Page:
China's pump priming is unlikely to form asset bubbles now, but the risk is emerging, Frederic Neumann, senior Asian economist at HSBC, told CNBC.
"We do think that in China and elsewhere, asset bubbles are real risks but we've put the timing a little bit further out," Neumann told CNBC. "(While) over the next 2 or 3 years, there is a risk of asset price bubbles, it is important to recognize that as of today, we are not in a bubble yet."
China's export-oriented economy was hit hard as global financial crisis unfolded late last year, but the government's aggressive fiscal and monetary stimulus measures helped stave off a recession. For the third quarter ended September 30, 2009, China's economy grew an annualized 8.9%, which was in line with expectations and far exceeding the growth numbers being recorded elsewhere.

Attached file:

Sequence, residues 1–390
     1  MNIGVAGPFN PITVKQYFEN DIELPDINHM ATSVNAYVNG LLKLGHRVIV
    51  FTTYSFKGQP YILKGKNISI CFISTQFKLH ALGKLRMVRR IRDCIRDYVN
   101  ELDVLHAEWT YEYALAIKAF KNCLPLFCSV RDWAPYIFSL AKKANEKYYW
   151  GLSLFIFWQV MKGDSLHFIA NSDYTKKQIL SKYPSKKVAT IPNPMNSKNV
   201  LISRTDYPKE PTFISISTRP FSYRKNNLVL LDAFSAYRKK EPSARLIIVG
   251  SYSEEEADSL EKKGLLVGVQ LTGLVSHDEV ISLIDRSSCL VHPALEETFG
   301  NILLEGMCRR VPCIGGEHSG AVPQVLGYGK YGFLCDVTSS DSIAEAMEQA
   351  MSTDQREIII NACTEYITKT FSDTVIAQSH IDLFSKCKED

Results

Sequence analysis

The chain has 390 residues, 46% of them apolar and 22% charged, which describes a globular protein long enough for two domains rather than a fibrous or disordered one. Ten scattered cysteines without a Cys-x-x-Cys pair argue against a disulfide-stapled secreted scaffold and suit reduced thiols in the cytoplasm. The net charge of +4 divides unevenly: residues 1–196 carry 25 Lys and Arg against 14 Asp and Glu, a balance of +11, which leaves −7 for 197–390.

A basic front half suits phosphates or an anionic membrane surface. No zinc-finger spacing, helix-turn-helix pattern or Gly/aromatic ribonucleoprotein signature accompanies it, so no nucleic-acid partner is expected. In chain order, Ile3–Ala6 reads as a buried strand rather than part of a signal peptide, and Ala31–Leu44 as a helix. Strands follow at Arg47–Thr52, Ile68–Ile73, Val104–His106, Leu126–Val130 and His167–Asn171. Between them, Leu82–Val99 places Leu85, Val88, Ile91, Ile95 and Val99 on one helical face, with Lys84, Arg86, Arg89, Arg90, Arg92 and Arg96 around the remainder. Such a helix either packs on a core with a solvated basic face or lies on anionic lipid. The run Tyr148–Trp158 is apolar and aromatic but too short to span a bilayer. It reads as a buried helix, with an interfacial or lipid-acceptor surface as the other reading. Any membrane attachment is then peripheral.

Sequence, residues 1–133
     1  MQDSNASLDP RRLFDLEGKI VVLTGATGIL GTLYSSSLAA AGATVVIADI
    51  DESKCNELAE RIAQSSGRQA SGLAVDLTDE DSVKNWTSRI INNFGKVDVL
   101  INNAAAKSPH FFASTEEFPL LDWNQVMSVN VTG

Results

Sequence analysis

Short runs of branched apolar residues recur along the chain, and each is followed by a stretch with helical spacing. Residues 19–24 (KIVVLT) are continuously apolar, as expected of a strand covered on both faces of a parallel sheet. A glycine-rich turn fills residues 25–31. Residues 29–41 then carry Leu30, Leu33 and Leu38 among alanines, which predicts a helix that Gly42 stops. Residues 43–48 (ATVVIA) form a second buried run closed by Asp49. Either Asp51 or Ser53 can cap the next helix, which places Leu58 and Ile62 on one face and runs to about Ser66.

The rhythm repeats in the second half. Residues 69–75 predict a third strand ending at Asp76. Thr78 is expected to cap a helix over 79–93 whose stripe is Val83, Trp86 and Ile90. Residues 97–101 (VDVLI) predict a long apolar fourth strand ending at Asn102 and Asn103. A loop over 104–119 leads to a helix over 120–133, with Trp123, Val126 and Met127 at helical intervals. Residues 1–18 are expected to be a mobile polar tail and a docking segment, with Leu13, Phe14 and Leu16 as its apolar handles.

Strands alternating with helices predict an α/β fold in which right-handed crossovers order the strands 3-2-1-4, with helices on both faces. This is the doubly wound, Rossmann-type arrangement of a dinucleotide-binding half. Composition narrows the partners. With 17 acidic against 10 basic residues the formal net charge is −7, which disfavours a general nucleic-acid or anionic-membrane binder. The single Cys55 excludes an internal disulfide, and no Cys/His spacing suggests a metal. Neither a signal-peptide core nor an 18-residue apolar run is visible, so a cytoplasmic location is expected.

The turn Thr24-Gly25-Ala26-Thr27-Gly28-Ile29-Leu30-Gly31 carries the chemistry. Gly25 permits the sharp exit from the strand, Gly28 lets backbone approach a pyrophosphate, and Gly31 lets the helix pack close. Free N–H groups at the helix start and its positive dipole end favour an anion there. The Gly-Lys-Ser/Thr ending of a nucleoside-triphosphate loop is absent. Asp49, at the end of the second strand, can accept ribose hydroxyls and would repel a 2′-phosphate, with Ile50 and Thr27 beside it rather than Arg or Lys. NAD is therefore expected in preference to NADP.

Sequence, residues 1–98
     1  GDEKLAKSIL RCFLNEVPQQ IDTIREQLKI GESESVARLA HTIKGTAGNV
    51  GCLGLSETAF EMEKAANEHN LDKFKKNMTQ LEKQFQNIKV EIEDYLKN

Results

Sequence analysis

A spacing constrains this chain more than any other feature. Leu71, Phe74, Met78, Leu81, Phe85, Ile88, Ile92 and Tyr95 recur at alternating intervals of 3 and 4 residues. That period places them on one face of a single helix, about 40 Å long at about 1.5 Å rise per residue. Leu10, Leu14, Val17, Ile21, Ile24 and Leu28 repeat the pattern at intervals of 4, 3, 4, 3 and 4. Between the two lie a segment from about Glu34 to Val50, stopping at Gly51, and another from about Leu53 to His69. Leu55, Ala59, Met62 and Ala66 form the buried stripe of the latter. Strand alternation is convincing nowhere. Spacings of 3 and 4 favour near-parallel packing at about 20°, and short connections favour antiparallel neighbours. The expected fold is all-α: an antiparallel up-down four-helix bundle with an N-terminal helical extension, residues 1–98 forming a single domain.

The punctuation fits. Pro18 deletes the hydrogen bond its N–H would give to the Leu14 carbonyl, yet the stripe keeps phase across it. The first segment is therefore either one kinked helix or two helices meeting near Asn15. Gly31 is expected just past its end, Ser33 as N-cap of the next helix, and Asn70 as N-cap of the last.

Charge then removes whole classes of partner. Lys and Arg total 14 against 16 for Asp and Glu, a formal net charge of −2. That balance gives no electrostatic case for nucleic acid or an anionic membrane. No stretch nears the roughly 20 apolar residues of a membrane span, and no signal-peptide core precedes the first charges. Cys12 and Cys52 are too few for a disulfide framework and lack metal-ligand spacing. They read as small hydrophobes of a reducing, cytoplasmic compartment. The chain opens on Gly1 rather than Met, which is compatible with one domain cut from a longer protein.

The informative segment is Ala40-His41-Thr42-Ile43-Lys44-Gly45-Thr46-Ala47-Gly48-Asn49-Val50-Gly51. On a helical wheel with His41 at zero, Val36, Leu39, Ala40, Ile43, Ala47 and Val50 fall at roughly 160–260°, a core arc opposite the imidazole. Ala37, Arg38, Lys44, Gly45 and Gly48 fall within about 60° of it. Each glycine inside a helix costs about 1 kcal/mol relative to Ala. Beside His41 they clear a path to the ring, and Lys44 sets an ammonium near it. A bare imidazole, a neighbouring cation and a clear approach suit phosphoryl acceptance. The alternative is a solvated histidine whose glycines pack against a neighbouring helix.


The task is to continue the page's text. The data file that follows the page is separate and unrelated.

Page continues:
Despite the positive economic data, Neumann said the Chinese government is unlikely to remove these stimulus measures any time soon.
"(I) think that the Chinese government would withdraw the fiscal stimulus before they actually withdraw the monetary stimulus and the reason for that is that the Chinese authorities want to ensure that the private sector is really driving growth. So you withdraw the fiscal stimulus before you actually start to tighten monetary policy."